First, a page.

04/07/2006 - 22:00

Apprentice can handle kitchen heat

04/07/2006 - 22:00


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The Perth Convention Exhibition Centre is cooking up a storm on both sides of the plate with its kitchen dominating the annual Apprentice Chef of the Year competition, held last week.

Apprentice can handle kitchen heat

The Perth Convention Exhibition Centre is cooking up a storm on both sides of the plate with its kitchen dominating the annual Apprentice Chef of the Year competition, held last week.

The annual competition is highly regarded within the hospitality profession, and is seen as a key indicator of talented chefs of the future.

This year, Kate Swift won a silver medal for ‘second-year apprentice chef of the year’, while Lauren Fabiankovits won silver for ‘fourth-year apprentice chef of the year’.

But third-year apprentice Jessica Donald created history as the first-ever chef to take out the top honour of ‘overall apprentice chef of the year’ for two years running, backing up her achievements with the gold medal for ‘third year apprentice chef of the year’.

Ms Donald’s overall win is WA’s most prestigious accolade for emerging chefs, judged against stringent criteria measured across all four years of apprenticeship training.

“The competition this year was very interesting,” Ms Donald says.

For this year’s competition all apprentices were allowed to create their own desserts but were given a ‘black box’ entrée and main course to prepare; that is, no prior warning as to what could be expected during the competition.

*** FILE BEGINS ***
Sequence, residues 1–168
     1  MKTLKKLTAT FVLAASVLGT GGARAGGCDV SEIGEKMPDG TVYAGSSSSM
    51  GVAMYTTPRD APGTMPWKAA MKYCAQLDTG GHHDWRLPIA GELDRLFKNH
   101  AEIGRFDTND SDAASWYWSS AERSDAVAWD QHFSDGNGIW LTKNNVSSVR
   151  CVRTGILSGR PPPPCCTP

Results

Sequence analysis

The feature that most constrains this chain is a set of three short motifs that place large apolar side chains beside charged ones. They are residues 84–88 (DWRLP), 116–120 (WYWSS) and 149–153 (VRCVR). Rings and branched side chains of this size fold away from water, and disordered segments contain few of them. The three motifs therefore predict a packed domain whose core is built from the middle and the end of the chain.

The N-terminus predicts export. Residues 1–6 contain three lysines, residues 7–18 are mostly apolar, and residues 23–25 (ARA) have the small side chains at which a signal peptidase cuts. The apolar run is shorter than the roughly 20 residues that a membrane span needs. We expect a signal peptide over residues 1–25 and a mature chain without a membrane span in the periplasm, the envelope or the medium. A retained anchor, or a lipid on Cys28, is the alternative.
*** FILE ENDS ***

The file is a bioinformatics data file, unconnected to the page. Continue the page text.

Ms Donald says this style of competition forced her to think differently about her preparation, and that the changes to the guidelines were beneficial.

“We all had to contend with a different style of competition this year but this kind of experience stretches you professionally and teaches you what your strengths and weaknesses are,” she says.

Both Ms Donald and Ms Fabiankovits have worked at the PCEC since its opening in August 2004, while Ms Swift has spent the past year there under the direction of executive chef, Adrian Tobin.

With this recent success of three of his young apprentices, Mr Tobin’s kitchen, already one of the largest and busiest in the country, is now also one of the most successful.

And the training of apprentices, not only in the preparation for industry recognised competitions such as this, is an integral part of a well functioning kitchen, Mr Tobin says.

“It is extremely hard to find good chefs at the moment,” Mr Tobin told Gusto. “It is important that we develop the talents of our own apprentices.

“Competitions like this show very quickly the people who have the guts to stand up and have a go. All three of these girls have bright futures ahead of them.”

And in a sign of complete faith in his apprentices, Mr Tobin has revealed plans to work all three of his apprentices’ award-winning desserts into his future menus.

“The possibility of our desserts on the menu is great,” Ms Donald says. “It is one thing to win a medal but to see your work implemented practically – it is so much more satisfying.”

After success locally, Ms Donald’s next challenge is representing the state in a team competing at Australia’s premier cooking competition, the Melbourne Culinary Challenge – formerly the Salon Culinaire. The event will be held at the Melbourne Exhibition Centre from September 11 to 14.

Mr Tobin is also in training for his own competition, if not on a slightly more global scale. Recently appointed team captain of the National Culinary Olympic Team, a world cup for chefs so to speak, Mr Tobin will lead Australia against more than 1,000 chefs from 33 countries at the International Culinary Olympics.

The event is regarded as the most prestigious culinary competition in the world, with Germany to host the next Culinary Olympics in 2008.


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